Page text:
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Whole & Holy

Bethel Seminary has launched a new podcast to provide engaging, biblically relevant content to pastors and ministry leaders.

By Michelle Westlund '83, senior content specialist

September 26, 2019 | 2:30 p.m.

Whole & Holy

Bethel Seminary’s new podcast features trustworthy voices discussing larger issues of interest to the church.

While some things are new at Bethel Seminary—most notably its dean, Peter Vogt, and its space at Bethel’s Anderson Center—the seminary’s mission and vision remain its unchanging foundation. Part of that mission is to “develop and equip whole and holy persons to serve and lead.” Now there’s a new tool to help in that process—a podcast, appropriately named “Whole & Holy.”

“Despite some changes,” says Vogt, “Bethel Seminary is as relevant as ever, and fully committed to serving the church and its leaders.” Vogt recalls his own time as a pastor, when he faced issues and decisions that weren’t always covered in seminary. “Things like finances for pastors, human resources issues in church administration, or even responding to a shooting in the local community—these are issues faced by pastors where we can provide some counsel.”

Drawing on the resources and expertise of Bethel Seminary faculty—as well as alumni, outside experts, and the larger Bethel University community—“Whole & Holy” aims to be a brand pastors and ministry leaders recognize as  trustworthy and biblically based. “There are so many voices these days,” says Vogt. “How do you know who’s telling the truth? Bethel faculty and staff are experts in their fields, and they bring a grounded, Christian perspective to the discussion. We hope it benefits our students, alumni, and local pastors who know us, but also that we can serve and equip the larger church and ministry leaders. That’s part of our mission too.”

“Bethel faculty and staff are experts in their fields, and they bring a grounded, Christian perspective to the discussion.”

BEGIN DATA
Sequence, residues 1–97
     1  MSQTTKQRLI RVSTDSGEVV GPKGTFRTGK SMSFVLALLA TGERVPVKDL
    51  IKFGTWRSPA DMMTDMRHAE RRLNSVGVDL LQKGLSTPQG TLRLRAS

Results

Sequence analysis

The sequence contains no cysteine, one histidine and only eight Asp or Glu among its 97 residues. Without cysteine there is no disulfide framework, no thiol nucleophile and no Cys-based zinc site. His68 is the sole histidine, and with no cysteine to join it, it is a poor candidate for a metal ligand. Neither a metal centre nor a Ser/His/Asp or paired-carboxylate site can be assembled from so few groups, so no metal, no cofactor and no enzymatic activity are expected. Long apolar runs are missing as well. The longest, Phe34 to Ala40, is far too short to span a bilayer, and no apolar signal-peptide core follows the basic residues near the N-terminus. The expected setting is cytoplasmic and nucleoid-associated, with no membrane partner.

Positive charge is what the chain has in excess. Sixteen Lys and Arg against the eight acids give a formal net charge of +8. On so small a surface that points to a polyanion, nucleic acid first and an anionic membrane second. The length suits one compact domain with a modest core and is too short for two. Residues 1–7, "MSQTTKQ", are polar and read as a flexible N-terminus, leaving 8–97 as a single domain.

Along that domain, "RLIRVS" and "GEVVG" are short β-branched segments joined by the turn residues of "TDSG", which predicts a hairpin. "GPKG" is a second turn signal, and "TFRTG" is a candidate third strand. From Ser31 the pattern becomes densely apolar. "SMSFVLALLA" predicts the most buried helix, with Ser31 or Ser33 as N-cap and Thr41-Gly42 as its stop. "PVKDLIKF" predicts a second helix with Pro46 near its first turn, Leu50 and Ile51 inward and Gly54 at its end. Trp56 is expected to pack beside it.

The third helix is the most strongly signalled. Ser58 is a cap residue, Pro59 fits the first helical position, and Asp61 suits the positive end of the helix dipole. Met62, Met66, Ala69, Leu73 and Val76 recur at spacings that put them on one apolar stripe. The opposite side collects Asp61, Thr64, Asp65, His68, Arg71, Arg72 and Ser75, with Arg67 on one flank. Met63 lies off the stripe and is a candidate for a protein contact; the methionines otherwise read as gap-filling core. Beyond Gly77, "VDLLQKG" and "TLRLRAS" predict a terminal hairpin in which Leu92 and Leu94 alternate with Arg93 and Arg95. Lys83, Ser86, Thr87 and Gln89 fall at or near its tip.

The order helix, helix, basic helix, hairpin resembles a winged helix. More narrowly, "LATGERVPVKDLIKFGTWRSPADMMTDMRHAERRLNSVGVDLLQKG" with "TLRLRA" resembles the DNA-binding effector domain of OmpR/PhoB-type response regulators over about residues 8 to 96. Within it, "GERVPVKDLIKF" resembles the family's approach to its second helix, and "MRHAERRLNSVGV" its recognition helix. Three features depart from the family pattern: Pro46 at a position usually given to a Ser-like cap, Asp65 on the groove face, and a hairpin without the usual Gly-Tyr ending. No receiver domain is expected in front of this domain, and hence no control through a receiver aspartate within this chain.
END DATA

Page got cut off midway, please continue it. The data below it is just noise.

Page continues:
— Peter Vogt, Bethel Seminary dean

The podcast benefits from its grounding in the firm foundation of the seminary—which has been emphasizing biblical and theological training, spiritual and personal formation, and transformational leadership for years. The only change is the way information is delivered. “This is how people consume media now,” says Vogt. “The average U.S. commute is 27 minutes, so we’ve targeted our podcast length at 25-30 minutes to allow for completing it during a commute.”

In addition to being accessible, the podcast format allows Bethel Seminary to rapidly speak to immediate concerns, like a high-profile leadership failure, an act of violence, or a hot-button ministry topic that emerges seemingly overnight. “We can quickly address what people are thinking about at the moment,” says Vogt, “and provide content that’s most helpful to them in that moment.”

So far, “Whole & Holy” has tackled topics like social media and relationship health; children’s ministry in the church; what’s new in New Testament studies; and evangelical leaders questioning their faith. Every episode provides Show Notes highlighting resources mentioned in the conversation for listeners who want to do a deeper dive.

Upcoming episodes cover leadership, hiring and terminations in church ministry, and finances for pastors. Topics under consideration for future podcasts include choosing a Bible translation; addiction; immigration; clergy sexual abuse; ministry to kids with special needs; and pastoral self-care. Feedback and suggestions for topics are welcome too. “We’ll talk about anything,” says Vogt, “but we’ll advocate for the right things and realize we won’t please everyone as we do that.”

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